Niles, MI(Zone 5a)

Ok, my hostas have given me a lot of "seeds", how can I find out if they are going to grow? May i just sprinkle them in the area that I would like them to grow and hope or try starting them in paper towels???

Kylertown, PA(Zone 5b)

I find it's a lot easier to start them in a baggie on a paper towel and plant them into small pots as they sprout. There is alot of flotsam in hosta seed and it's almost impossible to know if you're planting a live seed or not.

Ottawa, ON(Zone 5a)

I use a fairly fine sieve and rub the seeds in it to remove the black bits. sometime, i dampen my fingers to help - just be sure to put the seeds back in a paper container so they dry out. You can generally see easily which ones have well developed seeds. It's a good project for a January night.

I've also started them on paper towels, but have sometimes had difficulty separating the roots from the towel.


PS I expect I'll have LOTS of seed to share if anyone is interested, but I won't know just what until I clean the seeds.

Niles, MI(Zone 5a)

I am willing to try anything, I love hostas, I know that the roots of seeds can be hard to get out of paper towels. What woud you think about using floral foam, a thin layer, cut into small cubes, that will stay just damp and when the seeds get growing, just plant the piece of foam with the seed in it?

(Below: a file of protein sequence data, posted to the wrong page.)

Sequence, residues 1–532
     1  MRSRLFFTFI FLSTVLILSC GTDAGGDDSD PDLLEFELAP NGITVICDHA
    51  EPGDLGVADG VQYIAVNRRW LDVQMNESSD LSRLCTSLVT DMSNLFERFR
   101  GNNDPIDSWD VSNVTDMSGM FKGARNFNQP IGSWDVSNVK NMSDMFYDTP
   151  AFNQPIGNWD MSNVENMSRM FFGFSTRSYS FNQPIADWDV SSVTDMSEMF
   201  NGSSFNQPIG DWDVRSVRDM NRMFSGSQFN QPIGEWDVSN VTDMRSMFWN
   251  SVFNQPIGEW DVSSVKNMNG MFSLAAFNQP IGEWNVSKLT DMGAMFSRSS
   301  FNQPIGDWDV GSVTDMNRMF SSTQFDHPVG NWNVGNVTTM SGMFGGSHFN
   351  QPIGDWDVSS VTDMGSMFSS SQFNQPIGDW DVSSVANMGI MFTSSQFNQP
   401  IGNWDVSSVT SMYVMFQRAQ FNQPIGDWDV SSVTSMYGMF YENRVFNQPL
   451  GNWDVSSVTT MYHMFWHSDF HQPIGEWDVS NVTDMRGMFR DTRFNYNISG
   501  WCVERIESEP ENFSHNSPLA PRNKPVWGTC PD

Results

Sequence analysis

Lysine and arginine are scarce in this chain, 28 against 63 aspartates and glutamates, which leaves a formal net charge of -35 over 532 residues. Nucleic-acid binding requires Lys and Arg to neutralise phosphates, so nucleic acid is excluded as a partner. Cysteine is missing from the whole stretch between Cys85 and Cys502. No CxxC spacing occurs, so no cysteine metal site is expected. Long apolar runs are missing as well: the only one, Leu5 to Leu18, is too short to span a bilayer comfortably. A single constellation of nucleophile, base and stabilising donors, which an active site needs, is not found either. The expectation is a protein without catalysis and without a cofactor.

I have done this with my garden plants, tomatoes etc. it worked well.

Ottawa, ON(Zone 5a)

Never tried it. Probably would work well.

Watertown, WI(Zone 5a)

This might be helpful, annabelle.

I had good success starting my hosta seeds last year, and I'm just about to get them started this year. I really do prefer starting my hosta seeds in a nice, light sterile seed starting mix. I germinate my seeds in a flat made up of individual cells (with holes in the bottom so I can bottom water.) These would probably be available at a garden center at a reasonable cost. Just make sure you get something larger (perhaps a flat) that you can set the tray in for watering purposes.

It's just my own personal preference, but I really hate sprouting seedlings and then potting them up. I'd prefer to start them in something that they'll be able to stay in until they have two or three sets of leaves. Hostas respond well to up-potting (repotting them into a larger container once they've reached a certain size), but I wouldn't want to fuss with them too much when they're just tender sprouts. Just my opinion. Others may have had better experience with sprouting seeds than I have, but for me...the less fuss the better! ;)

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